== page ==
He was a quiet and gentle boy. He loved books and he loved to study. He was well-suited to be taught in the best of schools. But his father, a tutor, could not afford this. The senate of Breslau, however, noticed how intelligent this boy of their town was.
Zacharius Ursinus was sixteen years old when he was sent to the University of Wittenberg by the senate of Breslau. When he was finished with his studies, he would return to Breslau to teach in the university there. That was the senate’s plan, and that was fine with Zacharius.
Breslau, Germany was deep in Lutheran country, so Luther’s school in Wittenberg was the natural place to send Breslau’s gifted son. Although Luther had died four years earlier, Melanchthon, who carried on after Luther, still taught there. Melanchthon noticed this quiet, serious boy too. They became close friends. Ursinus studied under Melanchthon for seven years and then traveled throughout Europe for one final year of education. He visited some of the most important places of the Reformation, including Zurich and Geneva. While in Geneva, John Calvin also noticed this talented and godly young man. Zacharius was given a signed set of Calvin’s books by the author himself. Finally Zacharius was ready to return to Breslau to teach.
At first this went well. A quiet, peaceful teaching position was all that Zacharius wanted. But people started whispering about him, and then they openly accused him. Why? In all his studies, Ursinus had not only learned Reformation doctrine from the Lutheran point of view, but he had also been taught about the Lord’s supper from the Calvinistic point of view, and he believed Calvin’s view. But Breslau was Lutheran and believed Luther’s view of the Lord’s supper. After only a few short years of teaching, Ursinus was no longer welcome there. He would have to leave his home and family. But where would he go?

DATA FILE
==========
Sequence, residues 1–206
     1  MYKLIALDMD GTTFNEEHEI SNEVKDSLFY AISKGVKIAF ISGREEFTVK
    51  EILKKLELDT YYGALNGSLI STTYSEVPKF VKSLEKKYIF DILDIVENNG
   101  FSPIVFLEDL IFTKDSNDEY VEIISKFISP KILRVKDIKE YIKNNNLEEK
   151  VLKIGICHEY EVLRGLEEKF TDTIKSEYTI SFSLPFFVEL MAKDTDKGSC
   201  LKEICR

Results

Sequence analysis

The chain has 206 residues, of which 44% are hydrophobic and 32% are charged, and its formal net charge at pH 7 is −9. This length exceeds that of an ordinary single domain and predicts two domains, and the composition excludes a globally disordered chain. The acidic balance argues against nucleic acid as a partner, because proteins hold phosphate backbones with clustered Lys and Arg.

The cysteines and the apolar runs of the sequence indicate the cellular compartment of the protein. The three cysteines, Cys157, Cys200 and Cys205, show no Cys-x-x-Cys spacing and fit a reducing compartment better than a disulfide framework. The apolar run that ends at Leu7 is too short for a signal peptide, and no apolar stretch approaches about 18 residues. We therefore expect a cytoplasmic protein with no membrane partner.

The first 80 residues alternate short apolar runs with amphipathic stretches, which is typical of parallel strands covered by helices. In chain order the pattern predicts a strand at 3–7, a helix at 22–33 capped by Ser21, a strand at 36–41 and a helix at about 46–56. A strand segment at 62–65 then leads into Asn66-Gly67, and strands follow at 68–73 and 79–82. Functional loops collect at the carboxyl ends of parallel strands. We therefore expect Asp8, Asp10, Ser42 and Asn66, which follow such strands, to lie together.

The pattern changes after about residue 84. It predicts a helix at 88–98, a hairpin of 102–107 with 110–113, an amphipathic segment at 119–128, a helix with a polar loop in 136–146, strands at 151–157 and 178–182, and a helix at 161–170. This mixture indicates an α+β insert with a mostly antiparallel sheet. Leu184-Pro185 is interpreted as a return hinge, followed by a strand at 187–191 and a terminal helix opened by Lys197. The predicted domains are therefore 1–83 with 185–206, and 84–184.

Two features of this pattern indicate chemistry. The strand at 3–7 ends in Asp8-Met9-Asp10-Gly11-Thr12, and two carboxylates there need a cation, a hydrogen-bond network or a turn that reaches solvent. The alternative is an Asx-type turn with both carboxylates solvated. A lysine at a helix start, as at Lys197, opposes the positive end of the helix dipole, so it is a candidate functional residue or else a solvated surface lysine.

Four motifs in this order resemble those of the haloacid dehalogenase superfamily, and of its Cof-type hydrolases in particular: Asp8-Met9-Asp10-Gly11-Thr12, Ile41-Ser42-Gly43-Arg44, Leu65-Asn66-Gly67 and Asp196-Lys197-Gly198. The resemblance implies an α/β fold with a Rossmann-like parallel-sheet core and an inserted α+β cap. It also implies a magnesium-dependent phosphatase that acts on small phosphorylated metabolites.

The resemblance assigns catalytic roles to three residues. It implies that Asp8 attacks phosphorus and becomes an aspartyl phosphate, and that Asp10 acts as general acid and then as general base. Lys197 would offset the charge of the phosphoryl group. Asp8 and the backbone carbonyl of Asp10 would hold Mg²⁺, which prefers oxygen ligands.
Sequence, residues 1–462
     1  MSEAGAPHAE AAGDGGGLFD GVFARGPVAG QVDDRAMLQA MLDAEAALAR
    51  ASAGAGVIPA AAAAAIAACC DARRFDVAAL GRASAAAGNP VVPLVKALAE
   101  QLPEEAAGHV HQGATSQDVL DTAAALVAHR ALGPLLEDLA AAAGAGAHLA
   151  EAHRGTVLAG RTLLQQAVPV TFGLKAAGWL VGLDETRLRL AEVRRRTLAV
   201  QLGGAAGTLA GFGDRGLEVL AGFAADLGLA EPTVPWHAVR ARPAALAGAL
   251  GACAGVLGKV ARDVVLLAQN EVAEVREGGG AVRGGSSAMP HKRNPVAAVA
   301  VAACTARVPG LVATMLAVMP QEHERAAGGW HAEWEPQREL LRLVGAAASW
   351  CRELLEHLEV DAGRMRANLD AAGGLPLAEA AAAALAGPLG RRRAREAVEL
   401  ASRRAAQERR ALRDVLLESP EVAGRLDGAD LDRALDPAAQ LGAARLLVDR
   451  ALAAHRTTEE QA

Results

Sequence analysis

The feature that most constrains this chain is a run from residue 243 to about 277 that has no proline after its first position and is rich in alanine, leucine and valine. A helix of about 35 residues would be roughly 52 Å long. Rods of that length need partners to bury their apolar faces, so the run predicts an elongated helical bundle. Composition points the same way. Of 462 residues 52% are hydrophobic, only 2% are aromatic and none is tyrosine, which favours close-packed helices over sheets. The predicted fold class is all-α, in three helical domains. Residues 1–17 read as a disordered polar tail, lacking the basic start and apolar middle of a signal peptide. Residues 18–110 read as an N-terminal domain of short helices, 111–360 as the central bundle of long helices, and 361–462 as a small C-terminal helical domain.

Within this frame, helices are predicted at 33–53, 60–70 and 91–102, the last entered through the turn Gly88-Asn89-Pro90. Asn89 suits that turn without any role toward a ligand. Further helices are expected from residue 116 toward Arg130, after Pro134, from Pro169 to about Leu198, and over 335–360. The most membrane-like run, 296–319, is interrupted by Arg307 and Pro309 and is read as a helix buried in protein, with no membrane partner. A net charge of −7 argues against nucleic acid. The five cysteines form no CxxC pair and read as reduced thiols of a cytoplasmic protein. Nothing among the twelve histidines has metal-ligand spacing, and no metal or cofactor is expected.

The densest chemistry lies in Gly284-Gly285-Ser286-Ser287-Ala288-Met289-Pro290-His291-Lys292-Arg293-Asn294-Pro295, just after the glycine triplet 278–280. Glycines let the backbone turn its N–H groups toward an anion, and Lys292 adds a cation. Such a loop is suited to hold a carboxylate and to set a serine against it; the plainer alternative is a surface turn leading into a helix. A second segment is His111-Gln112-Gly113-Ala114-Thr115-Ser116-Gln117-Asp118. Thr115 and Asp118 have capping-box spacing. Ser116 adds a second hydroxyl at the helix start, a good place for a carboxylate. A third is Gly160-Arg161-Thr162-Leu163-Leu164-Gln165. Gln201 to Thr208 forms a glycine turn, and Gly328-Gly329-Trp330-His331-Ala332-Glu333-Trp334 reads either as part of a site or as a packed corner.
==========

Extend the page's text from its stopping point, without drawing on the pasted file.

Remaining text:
His old friend in Wittenberg, Melanchthon, had died, so he could not go there. Zurich, Switzerland was his next choice. Peter Martyr lived in Zurich. Martyr was a Reformer who explained the Lord’s supper in the Calvinistic way, and did so perhaps better than any other man at that time. Living in Zurich, Ursinus saw the doctrine of Lord’s supper even more clearly.
Ursinus saw something else clearly as well. Peter Martyr had received a request to come to Heidelberg and teach in the university there, but he was too old to go. Martyr had some advice for Heidelberg, though: take Ursinus instead. Now what would Ursinus do? He knew that going to Heidelberg meant even more trouble and controversy. Two professors had already been thrown out of Heidelberg for fighting over the Lord’s supper. Oh, to be hidden in a corner of some quiet village! Such were Ursinus’ thoughts. But Ursinus was exactly the man God had prepared for the work there. Ursinus packed his bags to go. Such would be the turn of events…